Tuesday, 16 November 2010
Abbott v Medinol just ruled
PatLit made reference in July (here and here) to the application for disclosure (evidence) made by Abbott in the course of an action in which it sought declarations of non-infringement, and orders for revocation, of three patents for coronary stents owned by Medinol, while this company counterclaimed for patent infringement.
A copy of the full text off the decision, dated November 12, is now available here.
The result: one of the patents is invalid since it lacks of novelty and none of them is infringed by the Abbott stents.
This decision follows those of The District Court in The Hague (Netherlands) and the Regional Court in Dusseldorf (Germany). A brief summary of both actions can be found in the Form 10-Q filed by Abbott at the SEC in May 4, 2010 (here):
“In its 2009 Form 10-K, Abbott reported that litigation is pending in the High Court of Ireland, the District Court in The Hague, Netherlands, and the Regional Court in Dusseldorf, Germany in which Medinol Limited asserts that certain Abbott stents infringe various Medinol stent design patents and seeks damages and injunctions, and in the High Court of Justice in the United Kingdom in which Abbott asserts that its stents do not infringe Medinol’s patents and seeks a declaration that Medinol’s patents are invalid. In February 2010, Medinol appealed the Dutch court’s finding that Abbott’s stents do not infringe Medinol’s patent. In March 2010, the Dusseldorf court found that Abbott’s stents do not infringe Medinol’s European stent design patent, a patent also at issue in the other venues, but that they do infringe two of Medinol’s German stent design patents. Medinol can seek to enforce its right to damages and a provisional injunction in Germany. Abbott has the right to appeal the decision of the Dusseldorf court. In addition, as previously reported in Abbott’s 2009 Form 10-K, Abbott filed an action in the German Federal Patent Court asserting that the three Medinol patents at issue are invalid. If the German Federal Patent Court invalidates Medinol’s patents, then any relief granted by the Dusseldorf court could be rescinded”.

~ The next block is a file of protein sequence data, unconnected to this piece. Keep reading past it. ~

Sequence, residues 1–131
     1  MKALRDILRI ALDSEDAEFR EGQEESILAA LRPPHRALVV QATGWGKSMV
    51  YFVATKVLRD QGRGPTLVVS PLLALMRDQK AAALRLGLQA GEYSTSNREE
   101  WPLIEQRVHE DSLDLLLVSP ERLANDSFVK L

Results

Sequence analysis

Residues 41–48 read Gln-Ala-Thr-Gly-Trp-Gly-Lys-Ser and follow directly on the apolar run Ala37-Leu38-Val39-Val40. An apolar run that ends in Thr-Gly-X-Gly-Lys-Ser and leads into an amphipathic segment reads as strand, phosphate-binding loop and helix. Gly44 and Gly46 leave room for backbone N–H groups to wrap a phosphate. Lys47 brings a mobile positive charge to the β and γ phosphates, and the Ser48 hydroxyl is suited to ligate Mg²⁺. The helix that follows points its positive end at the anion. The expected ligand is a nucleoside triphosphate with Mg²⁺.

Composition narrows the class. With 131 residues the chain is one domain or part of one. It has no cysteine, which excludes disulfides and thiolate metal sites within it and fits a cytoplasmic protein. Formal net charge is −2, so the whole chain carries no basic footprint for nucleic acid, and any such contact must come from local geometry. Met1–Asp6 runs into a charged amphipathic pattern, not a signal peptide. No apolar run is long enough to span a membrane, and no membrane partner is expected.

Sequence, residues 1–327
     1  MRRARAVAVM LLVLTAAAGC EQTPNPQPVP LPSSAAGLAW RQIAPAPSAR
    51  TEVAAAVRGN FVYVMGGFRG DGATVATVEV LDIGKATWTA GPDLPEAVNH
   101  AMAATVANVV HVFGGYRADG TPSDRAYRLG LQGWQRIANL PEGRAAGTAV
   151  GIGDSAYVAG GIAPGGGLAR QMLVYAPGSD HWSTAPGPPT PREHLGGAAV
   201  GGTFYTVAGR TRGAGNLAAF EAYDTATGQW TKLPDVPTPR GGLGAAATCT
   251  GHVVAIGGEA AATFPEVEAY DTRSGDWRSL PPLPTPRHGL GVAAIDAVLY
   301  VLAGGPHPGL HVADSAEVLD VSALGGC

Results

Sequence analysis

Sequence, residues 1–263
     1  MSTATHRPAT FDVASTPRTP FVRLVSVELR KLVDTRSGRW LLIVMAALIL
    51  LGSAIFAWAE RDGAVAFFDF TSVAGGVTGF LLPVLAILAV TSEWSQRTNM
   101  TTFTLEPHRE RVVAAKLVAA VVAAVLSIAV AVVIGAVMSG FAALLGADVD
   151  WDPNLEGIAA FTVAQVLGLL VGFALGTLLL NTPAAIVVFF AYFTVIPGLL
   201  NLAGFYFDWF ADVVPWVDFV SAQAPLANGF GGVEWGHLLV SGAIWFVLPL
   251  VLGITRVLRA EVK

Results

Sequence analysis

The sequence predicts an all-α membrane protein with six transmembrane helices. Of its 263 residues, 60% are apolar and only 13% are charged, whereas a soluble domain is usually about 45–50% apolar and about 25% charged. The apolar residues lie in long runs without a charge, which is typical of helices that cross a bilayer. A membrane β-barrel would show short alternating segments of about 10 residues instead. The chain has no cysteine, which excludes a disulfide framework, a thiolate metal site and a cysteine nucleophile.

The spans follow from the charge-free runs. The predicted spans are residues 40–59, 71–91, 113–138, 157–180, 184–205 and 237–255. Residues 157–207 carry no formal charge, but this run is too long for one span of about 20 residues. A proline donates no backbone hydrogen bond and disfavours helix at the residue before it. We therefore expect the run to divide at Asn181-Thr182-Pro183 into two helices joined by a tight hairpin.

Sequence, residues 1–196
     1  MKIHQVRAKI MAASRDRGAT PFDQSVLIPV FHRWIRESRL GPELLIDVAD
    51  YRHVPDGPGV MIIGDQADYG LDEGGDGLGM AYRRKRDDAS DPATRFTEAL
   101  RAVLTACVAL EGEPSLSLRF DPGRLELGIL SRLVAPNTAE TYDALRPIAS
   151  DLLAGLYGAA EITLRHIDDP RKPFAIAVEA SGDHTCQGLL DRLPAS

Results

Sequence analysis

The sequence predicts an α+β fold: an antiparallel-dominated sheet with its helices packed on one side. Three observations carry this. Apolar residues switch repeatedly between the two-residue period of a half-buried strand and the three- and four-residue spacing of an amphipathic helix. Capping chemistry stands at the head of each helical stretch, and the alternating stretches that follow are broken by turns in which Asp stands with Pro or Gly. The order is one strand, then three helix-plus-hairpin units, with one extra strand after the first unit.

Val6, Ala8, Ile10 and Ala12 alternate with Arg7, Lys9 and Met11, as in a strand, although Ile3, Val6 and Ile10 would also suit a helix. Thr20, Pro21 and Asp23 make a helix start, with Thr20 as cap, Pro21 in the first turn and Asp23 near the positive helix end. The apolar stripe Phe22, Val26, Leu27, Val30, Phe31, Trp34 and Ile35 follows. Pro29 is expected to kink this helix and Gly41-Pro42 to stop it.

The arguments used by Mr. Justice Arnold in the new Judgement seem quite usual, but from a procedural point of view, I would point out the following paragraphs:
190. The starting point is that, since Medinol now positively alleges infringement of 901, the burden lies on it to prove what happens to the loops in this scenario. Despite this, Medinol has not relied on any experimental evidence in support of its case. In particular, it has not relied on any finite element analysis ("FEA") of its own despite having in-house expertise in FEA. Following an order for specific disclosure which I made on 8 September 2010, it sought to rely upon an analysis of an FEA model created for Abbott, but ended up agreeing that the facts established by this did not go beyond points (i) and (iii) in paragraph 188 above. Nor has Medinol relied upon any photographs in support of its case.
191. Medinol did rely upon promotional materials issued by Abbott and evidence given by Mr Johnson as to the function of the loops in question in the Abbott Stents, namely to aid flexibility and conformability of the stents. This evidence does not establish, however, that the loops participate in expansion as distinct from bending of the stents.
193. … On the contrary, the burden lies upon Medinol to prove that the loops do widen in this scenario; Medinol have adduced no positive evidence to that effect other than Professor Snyder's opinion; Professor McHugh's evidence is to the contrary; and, even if the Abbott photographs and measurements cannot be relied on as positively proving that the loops do not widen, they are at least consistent with Professor McHugh's opinion. Certainly, Medinol did not conduct an experiment in reply to Abbott's experiment to show that taking photographs and measurements in a manner which was not subject to Medinol's criticisms lead to a different conclusion.
194. Counsel for Medinol argued strenuously that, even absent any other evidence, it should be inferred from points (ii)-(v) in paragraph 188 above that the loops on the outside of the stents widened when bent Abbott Stents were expanded. I am not persuaded that those matters do enable that inference to be drawn, however. Each of those scenarios involves some bending of the stent, whereas the scenario presently under consideration involves just expansion. In that respect, it is closer to scenario (i).
195. For these reasons, I conclude that Medinol has not proved that the loops do widen when the bent stent is expanded".